Annotated by the Defendant's Secretary [Trial]. Kingston, Elizabeth Chudleigh Hervey, Duchess of [1720-1788], Defendant. The Trial of Elizabeth Duchess Dowager of Kingston for Bigamy, Before the Right Honourable the House of Peers, In Westminster-Hall, In Full-Parliament, On Monday the 15th, Tuesday the 16th, Friday the 19th, Saturday the 20th, and Monday the 22d of April, 1776; On the Last of Which Days the Said Elizabeth Duchess Dowager of Kingston was Found Guilty. Published by Order of the House of Peers. London: Printed for Charles Bathurst, 1776. [iv], 176 pp. Title page preceded by imprimatur leaf. Folio (15" x 9-3/4"). Later quarter cloth over plain boards, lettering piece to spine, endleaves renewed, edges untrimmed. Light rubbing and scuffing to boards, which are faded, corners bumped and somewhat worn, front board starting but secure. Moderate toning to interior, occasional light foxing and soiling, mostly to margins, light edgewear and clean tears to edges of a few leaves, faint offsetting to upper gutter of pp. 8-9, upper corners of last two leaves lacking, text unaffected. Early ownership signature of Richard Wood to first leaf, early annotations from Wood in several places. $1,500. * Only edition. When she determined to marry the Duke of Kingston, Elizabeth feared the scandal of divorce from her first husband, Augustus Hervey, later Earl of Bristol, who wanted a divorce, so she instituted a suit of jactitation against him. His negative response ignored, she took an oath that she was unmarried, and the court so declared her. She married the Duke of Kingston in 1769, and he died in 1770 and left her a substantial estate on the condition that she remain a widow. The duke's nephew, Mr. Evelyn Meadow, brought suit against her for bigamy shortly after the duke's death, while she was traveling in Italy. She returned to England to stand trial. Found guilty, she would have been "burned on the hand" but she claimed the privilege of her peerage which served to exempt her from corporal punishment. She continued a life of travel and adventure until her sudden death in Paris in 1788. Our copy of her trial was owned by Richard Wood, who served as the Duchess's secretary throughout the trial. His notes largely clarify points or name persons. An annotation to the Duchess's tearful testimony wearily notes "I exhorted her not.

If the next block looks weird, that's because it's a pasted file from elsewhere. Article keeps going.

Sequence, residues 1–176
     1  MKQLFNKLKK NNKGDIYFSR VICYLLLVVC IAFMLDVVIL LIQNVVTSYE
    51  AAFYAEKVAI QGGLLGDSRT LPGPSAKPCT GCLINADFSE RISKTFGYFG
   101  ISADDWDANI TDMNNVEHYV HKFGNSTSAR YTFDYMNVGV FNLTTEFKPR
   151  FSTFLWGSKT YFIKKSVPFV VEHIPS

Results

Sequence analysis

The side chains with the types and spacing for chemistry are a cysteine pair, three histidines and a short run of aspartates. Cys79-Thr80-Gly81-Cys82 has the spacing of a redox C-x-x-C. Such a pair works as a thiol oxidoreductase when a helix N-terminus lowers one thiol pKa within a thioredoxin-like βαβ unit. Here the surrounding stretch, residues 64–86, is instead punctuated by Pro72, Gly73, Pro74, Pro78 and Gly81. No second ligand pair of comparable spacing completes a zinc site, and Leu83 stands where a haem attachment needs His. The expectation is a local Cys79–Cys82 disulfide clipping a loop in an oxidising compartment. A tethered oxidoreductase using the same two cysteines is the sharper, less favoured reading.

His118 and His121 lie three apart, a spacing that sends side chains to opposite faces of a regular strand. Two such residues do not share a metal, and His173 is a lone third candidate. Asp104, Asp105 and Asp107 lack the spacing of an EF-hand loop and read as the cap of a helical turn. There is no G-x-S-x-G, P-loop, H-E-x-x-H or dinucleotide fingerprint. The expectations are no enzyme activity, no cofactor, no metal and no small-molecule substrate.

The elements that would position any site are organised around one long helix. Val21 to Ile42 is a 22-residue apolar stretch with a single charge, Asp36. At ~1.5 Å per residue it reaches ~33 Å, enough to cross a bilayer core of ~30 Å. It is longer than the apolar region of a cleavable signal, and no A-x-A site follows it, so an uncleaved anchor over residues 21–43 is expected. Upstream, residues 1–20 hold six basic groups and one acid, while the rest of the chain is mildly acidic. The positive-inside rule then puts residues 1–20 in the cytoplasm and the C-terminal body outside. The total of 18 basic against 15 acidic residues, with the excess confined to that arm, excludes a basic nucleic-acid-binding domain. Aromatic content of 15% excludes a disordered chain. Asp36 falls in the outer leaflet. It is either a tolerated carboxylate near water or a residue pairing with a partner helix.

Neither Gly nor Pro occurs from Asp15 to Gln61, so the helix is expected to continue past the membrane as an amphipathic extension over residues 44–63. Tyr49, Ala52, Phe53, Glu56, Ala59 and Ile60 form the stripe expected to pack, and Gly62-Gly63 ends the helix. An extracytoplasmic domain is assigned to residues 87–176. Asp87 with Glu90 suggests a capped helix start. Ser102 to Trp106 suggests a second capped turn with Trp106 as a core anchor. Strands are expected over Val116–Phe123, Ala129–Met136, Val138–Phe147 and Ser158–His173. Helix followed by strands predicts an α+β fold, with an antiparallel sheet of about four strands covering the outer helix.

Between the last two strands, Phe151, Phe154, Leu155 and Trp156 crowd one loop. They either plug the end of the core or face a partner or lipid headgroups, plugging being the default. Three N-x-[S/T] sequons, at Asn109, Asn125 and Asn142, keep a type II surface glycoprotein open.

Book number 73317